Peter Kafka

Recent Posts by Peter Kafka

Want to Hear What Katie Couric Said Yesterday? Don’t Read Portfolio

How serious is media investment group Quadrangle about keeping its annual Foursquare conference private? Serious enough that the only account I’ve seen of it stayed live on the Web for just a few hours yesterday.

Portfolio.com media blogger Jeff Bercovici posted a short item about one of the panels yesterday afternoon; later that evening, the story had disappeared.

It should never have run in the first place, Portfolio.com managing editor Daniel Colarusso tells me. That’s because Portfolio magazine was a sponsor of the event (editor in chief Joanne Lipman moderated one panel; Washington editor Matt Cooper moderated the one that Bercovici wrote about) and is honoring its no-press rules.

Again, it’s Quadrangle’s conference, and they can run it however they’d like. But it seems particularly ironic that the one story that did get published, then pulled, was about a panel of professional communicators: CBS (CBS) news anchor Katie Couric, NBC anchor Brian Williams and ABC’s George Stephanopoulos.

Some MediaMemo readers have asked me to reprint all of Bercovici’s story, but I don’t have access to it. I can tell you, however, that is a very short story–maybe three or four paragraphs long–and that the text I quoted yesterday was the most interesting part. Here it is again:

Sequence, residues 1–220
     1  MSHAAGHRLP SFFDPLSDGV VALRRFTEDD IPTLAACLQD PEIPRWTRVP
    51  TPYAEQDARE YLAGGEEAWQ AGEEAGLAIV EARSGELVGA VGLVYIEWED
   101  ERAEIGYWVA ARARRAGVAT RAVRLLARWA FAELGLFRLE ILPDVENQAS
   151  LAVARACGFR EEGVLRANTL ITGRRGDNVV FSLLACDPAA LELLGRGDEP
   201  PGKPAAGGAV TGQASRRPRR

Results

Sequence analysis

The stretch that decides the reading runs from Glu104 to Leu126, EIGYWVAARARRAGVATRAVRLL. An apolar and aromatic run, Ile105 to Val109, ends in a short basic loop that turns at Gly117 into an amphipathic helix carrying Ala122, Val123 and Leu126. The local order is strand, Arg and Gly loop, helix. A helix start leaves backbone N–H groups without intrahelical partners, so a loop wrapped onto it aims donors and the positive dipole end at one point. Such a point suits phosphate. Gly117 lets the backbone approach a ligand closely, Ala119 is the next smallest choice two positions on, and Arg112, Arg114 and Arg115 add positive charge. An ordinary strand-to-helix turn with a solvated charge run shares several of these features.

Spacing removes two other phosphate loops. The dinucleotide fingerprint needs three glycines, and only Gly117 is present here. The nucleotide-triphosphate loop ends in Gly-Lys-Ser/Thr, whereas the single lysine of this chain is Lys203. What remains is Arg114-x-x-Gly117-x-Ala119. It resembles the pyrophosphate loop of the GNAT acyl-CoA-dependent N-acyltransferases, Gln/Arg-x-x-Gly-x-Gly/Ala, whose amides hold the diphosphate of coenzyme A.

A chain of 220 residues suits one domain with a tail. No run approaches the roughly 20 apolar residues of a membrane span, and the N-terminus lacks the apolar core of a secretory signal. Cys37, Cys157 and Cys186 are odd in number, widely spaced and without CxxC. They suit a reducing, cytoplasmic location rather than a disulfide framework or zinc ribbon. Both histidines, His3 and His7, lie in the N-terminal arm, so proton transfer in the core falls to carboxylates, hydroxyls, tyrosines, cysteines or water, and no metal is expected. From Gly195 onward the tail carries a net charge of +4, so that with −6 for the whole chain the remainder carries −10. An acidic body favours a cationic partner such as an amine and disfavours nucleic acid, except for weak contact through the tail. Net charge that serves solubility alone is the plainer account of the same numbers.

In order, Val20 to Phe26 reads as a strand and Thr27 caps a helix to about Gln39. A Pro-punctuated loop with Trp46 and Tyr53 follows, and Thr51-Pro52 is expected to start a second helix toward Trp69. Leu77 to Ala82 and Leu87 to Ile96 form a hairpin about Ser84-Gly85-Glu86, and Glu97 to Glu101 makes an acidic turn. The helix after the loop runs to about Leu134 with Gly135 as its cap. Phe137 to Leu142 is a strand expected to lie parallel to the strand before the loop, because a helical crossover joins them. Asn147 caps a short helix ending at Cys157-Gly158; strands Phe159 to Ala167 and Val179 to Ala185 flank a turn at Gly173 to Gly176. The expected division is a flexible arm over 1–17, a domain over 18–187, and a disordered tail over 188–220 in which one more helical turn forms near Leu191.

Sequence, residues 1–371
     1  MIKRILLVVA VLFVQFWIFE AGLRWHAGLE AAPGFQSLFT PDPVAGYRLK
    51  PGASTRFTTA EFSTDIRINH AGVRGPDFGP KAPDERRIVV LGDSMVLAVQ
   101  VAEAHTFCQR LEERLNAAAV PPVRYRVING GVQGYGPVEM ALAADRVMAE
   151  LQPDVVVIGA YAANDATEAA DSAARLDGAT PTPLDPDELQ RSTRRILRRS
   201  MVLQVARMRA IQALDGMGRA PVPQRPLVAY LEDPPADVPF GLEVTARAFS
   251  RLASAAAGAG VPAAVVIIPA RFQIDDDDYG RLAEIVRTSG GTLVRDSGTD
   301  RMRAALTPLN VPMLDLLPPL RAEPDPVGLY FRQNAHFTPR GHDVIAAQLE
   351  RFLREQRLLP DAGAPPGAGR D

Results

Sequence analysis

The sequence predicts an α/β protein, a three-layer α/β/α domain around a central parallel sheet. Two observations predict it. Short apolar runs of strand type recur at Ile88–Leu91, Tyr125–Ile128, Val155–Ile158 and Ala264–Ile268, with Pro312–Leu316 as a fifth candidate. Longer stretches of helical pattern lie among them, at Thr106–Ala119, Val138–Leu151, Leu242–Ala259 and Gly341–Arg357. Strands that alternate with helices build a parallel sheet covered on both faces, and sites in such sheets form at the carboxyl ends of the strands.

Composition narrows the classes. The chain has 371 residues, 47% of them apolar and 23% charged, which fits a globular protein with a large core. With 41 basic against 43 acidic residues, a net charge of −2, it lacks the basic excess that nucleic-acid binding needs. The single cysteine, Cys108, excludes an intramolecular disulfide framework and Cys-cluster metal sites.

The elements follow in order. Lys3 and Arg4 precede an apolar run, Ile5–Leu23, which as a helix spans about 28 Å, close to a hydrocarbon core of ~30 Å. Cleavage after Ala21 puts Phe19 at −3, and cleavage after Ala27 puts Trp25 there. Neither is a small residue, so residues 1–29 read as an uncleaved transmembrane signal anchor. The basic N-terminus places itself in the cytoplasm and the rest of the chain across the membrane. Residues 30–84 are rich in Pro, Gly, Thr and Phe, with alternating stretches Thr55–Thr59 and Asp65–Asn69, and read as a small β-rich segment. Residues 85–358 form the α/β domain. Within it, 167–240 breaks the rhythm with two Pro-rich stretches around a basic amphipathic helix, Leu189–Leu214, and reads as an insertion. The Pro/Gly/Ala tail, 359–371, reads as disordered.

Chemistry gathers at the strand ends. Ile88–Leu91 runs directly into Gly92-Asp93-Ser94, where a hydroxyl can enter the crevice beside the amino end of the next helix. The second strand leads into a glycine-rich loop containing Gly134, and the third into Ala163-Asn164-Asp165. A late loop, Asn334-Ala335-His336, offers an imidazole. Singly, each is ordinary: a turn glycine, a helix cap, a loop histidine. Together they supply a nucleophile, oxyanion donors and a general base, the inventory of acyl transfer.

Couric shed some light on her preparation for the interviews: Beforehand, she sought advice from former senator Sam Nunn and Council on Foreign Relations president Richard Haas. They told her to draw Palin out on her geopolitical worldview and urged her to let the governor speak at length without interrupting her. Maybe she should bring them along with her when she takes over at Meet the Press?”

Meanwhile, Quadrangle really has bigger problems on its mind these days than unauthorized blog posts. It is shutting down its media hedge fund after sustaining losses of 25 percent year-to-date.


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The problem with the Billionaire Savior phase of the newspaper collapse has always been that billionaires don’t tend to like the kind of authority-questioning journalism that upsets the status quo.

— Ryan Chittum, writing in the Columbia Journalism Review about the promise of Pierre Omidyar’s new media venture with Glenn Greenwald